Deciding and Implementing the Right Kind of Security Team for your Organization

All organizations, large and small, need to be on the lookout for violence as the number of shootings, especially at faith-based locations, has increased. Some congregations and individuals have considered utilizing armed security teams and weapons to protect everyone better. It takes time and careful planning to implement a plan that is effective and addresses the higher risk the presence of weapons creates. Take the following three steps as you evaluate your organization’s needs.

  1. Determine if armed security is necessary

    You might be quick to jump to armed security guards and weapons to ensure a safe environment, but they should not be used as an alternative to basic security procedures such as limiting times of entry and locking doors. You’ll need to balance the risk of having weapons on the premises with the need for armed guards. You may be liable for any injuries or incidents that occur from having weapons in use.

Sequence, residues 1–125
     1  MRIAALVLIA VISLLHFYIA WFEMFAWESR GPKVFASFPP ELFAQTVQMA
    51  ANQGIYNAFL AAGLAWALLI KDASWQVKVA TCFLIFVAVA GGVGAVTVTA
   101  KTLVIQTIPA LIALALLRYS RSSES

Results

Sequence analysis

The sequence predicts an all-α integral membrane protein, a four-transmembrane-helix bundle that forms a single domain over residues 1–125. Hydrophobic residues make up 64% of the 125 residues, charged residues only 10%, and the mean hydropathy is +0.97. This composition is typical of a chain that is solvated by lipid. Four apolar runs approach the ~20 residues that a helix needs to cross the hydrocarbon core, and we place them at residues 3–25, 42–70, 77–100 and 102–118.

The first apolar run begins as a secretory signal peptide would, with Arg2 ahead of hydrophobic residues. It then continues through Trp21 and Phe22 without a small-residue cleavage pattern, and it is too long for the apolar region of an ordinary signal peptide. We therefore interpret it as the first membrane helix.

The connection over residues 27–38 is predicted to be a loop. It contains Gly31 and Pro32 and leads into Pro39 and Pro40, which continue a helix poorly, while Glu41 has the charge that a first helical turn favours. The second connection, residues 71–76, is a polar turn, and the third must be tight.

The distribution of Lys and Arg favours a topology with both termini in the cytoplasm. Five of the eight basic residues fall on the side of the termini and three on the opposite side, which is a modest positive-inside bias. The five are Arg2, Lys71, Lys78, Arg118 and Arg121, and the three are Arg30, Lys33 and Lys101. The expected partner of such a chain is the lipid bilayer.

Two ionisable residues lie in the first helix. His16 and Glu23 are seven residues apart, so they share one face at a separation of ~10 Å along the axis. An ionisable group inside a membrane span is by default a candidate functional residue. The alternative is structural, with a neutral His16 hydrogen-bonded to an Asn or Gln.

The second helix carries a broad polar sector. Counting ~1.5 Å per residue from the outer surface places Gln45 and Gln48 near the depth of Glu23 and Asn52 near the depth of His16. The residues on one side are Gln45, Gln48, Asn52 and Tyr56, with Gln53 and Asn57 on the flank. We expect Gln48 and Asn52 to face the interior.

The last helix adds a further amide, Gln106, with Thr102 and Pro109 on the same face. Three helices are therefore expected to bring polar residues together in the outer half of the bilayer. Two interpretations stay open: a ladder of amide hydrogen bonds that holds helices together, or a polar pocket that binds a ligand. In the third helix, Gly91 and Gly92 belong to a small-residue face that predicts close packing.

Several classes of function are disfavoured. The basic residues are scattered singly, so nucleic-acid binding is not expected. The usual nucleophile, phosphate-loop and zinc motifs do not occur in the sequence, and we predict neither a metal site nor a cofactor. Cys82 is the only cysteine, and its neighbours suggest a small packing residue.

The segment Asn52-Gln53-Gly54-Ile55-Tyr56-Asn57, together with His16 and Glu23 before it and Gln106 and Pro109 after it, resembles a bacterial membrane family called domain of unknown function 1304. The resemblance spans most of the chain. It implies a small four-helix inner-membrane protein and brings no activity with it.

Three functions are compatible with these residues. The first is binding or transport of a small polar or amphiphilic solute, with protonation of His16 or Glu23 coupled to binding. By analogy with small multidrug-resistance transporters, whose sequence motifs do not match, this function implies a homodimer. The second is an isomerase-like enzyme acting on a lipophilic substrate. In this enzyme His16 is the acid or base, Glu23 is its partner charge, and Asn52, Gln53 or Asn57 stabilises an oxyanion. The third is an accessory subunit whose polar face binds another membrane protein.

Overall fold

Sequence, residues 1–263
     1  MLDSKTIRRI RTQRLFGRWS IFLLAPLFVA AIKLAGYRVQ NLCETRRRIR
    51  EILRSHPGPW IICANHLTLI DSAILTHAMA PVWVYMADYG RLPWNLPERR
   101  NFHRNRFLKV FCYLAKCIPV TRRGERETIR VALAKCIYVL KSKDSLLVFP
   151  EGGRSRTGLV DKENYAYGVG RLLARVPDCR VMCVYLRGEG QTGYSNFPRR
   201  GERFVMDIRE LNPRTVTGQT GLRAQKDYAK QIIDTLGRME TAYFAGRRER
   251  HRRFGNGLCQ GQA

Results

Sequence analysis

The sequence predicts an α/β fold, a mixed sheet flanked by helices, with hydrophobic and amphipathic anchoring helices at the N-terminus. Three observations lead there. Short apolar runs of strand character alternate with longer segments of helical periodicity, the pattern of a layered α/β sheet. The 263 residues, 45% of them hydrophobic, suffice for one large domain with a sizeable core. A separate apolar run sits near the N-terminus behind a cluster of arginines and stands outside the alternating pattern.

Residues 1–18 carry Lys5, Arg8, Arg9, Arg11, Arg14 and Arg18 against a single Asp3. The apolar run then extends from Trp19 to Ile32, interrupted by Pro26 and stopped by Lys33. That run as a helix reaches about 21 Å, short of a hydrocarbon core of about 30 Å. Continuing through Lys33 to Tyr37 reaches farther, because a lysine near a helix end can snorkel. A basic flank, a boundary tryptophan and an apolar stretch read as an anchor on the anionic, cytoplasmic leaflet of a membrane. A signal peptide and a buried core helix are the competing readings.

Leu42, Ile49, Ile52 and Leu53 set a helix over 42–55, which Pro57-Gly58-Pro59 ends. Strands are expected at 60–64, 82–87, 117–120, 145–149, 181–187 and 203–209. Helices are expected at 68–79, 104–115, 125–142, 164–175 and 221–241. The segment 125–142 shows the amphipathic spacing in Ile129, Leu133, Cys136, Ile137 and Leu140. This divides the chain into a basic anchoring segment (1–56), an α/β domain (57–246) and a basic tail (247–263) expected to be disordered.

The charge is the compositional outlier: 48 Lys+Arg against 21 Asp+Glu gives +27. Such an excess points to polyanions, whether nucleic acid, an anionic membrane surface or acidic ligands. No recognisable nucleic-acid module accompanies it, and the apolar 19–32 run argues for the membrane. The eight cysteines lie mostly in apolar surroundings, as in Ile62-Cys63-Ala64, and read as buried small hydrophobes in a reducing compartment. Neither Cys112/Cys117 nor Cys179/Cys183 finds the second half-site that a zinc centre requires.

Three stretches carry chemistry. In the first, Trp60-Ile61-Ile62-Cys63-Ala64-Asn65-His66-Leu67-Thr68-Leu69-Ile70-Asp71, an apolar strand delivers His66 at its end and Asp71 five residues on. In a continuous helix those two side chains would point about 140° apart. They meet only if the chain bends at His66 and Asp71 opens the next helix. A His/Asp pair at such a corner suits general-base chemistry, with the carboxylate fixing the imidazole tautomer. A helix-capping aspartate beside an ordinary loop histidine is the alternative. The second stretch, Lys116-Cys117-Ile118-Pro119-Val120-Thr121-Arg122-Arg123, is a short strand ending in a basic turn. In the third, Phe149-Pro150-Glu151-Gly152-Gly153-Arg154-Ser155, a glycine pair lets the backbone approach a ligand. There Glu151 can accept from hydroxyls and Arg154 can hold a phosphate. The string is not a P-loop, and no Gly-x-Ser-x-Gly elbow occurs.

2. Create a path forward

    An unarmed security team might be a more suitable option since it reduces risk. Encourage everyone to be on the lookout for strange behavior and alert everyone of potential dangers. If you decide to create or hire an armed security team, be advised that you’ll need to obtain a church insurance quote with additional liability. You generally have three different avenues you can travel down when looking for your security team. They are:

    • Hire a private security firm to handle your security needs. They carry their liability insurance and can alleviate the burden on you. Verify that the contractor carries the risk and check that their employees are experienced and have completed legally required safety courses.
    • Work with local law enforcement to watch over the premises. They are the most trained and equipped to do the job and will remain liable for incidents that occur.
    • Assemble a group of volunteers. This is the riskiest option and most dangerous because volunteers aren’t as skilled or knowledgeable and create a larger risk than before.


  3. Establish formal procedures and planning

    Once you’ve decided the type of security team to implement, then you need to create a formal agreement to outline what you expect and will receive. All plans should include team requirements, spelled out standard operating procedures, adequate training, and know the design of the facility in-depth. Armed security teams may also have stricter qualifications, more extensive training, and greater responsibilities.

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